By GARRY RAYNO, InDepthNH.org
CONCORD — There is good and bad news in adjusted state revenues for the recently concluded fiscal 2020 released Tuesday by the Department of Administrative Services.
The good news, if you pay business taxes, is state revenues are 5.5 percent below the plan developed by budget writers, not quite hitting the 6 percent trigger to increase business tax rates.
The bad news is revenues are $144 million less than the budget plan, and without additional federal money coming to help fill the gap, there will have to be significant adjustments in the state’s two-year budget to make up for the shortfall.
The initial reporting of state revenues the first of the month is on a cash basis, but then the state’s accountants determine if the money collected for fiscal year 2020 belongs there.
For example, a business may make a payment June 30 that covers the months from July to September of fiscal year 2021. While the money would be included in the cash basis it would not once the “accruals” process or true ups are made.
The figures released Tuesday are $1.4 million less than reported on a cash basis. The biggest adjustments were made to the rooms and meals and interest and dividend taxes.
The final tally will be in the state’s annual comprehensive audit, usually released in December with audited 2020 revenue. If that figure is below the 6 percent shortfall in state general and education fund revenue, there will be no business tax rate increase.
If revenue is 6 percent or more below the budget plan, then business tax rates would return to 2018 calendar year rates.
The business profits tax rate would increase from 7.7 to 7.9 percent and the business enterprise tax rate would increase from .06 to .0675 percent.
Overall the state raised $2.48 billion compared to the budget plan of $2.83 billion or 5.5 percent below estimates and 6.2 percent less than what was produced in fiscal year 2019, $2.645 billion.
The revenue streams most impacted by the COVID-19 pandemic are business, and rooms and meals taxes.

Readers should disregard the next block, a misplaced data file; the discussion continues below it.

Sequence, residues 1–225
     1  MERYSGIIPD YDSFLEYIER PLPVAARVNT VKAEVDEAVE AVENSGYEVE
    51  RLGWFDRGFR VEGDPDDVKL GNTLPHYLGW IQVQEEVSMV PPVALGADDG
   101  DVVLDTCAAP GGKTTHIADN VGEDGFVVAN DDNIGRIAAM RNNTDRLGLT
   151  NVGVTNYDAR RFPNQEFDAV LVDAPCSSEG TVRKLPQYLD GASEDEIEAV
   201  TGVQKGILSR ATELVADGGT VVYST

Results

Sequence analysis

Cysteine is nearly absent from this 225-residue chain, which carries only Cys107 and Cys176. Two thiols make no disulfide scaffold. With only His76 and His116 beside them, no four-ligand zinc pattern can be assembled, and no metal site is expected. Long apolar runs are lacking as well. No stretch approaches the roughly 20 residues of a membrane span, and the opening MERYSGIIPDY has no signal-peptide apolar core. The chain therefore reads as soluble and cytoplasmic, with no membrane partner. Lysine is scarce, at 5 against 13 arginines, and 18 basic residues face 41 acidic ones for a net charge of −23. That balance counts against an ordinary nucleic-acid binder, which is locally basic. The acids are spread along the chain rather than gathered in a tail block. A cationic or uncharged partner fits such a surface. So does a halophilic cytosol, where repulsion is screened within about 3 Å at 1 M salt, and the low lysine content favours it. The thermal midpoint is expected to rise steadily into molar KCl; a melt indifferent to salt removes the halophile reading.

Business taxes, which total $681.5 million, were 14.3 percent below the budget plan and 16.4 percent below the prior year.
The rooms and meals tax produced $313.8 million, which is 14.8 percent below budget plan and 10.1 percent below fiscal 2019.
Securities revenue was also down significantly in 2020, producing $41.6 million, or 7.5 percent below plan and 2.3 percent below 2019.
However, there was some good news in other areas that partially offset the losses.
Tobacco related revenue was higher than anticipated, producing $212.6 million, which is 10.1 percent ahead of last year and 7.4 percent above the budget plan.
Likewise, the state received additional tobacco settlement money based on the sales of products. The state received $42.6 million, 7.3 percent ahead of plan, but 2.6 percent below 2019 revenue.
Lottery Commission revenue and the insurance tax were both above estimates for the year, while Liquor Commission revenue, interest and dividends, communications, real estate transfer and utility property taxes were below estimates for the year.
The House Ways and Means Committee estimated the revenue shortfall would be from $125 million to $199 million for the 2020 fiscal year and from $230 million to $395 million for fiscal year 2021.
Earlier this month, Gov. Chris Sununu said his office believes the shortfall would be $182 million for fiscal year 2020 and $355 for 2021.
Last week Sununu lamented that Congress has not approved additional relief funding that would help states, counties and municipalities cover revenue shortfalls from the pandemic.
The state received $1.25 billion in federal CARES Act funding but the money cannot be used to cover revenue shortfalls for governmental entities.
The plan Republican U.S. Senators released Monday, provides about $1 trillion in new relief money, that would go to schools for reopening costs, additional funding for the Payroll Protection Program for small businesses, another $1,200 check for most Americans earning less than $100,000, and a reduction in federal unemployment benefit from $600 to $200 a week.
Earlier this summer the Democratically controlled House passed a $3 trillion package that did include money to cover state, county and municipal revenue shortfalls.
The two sides began negotiations this week on a new relief package the leaders hope will be completed before lawmakers go on their traditional August break.
Garry Rayno may be reached at firstname.lastname@example.org.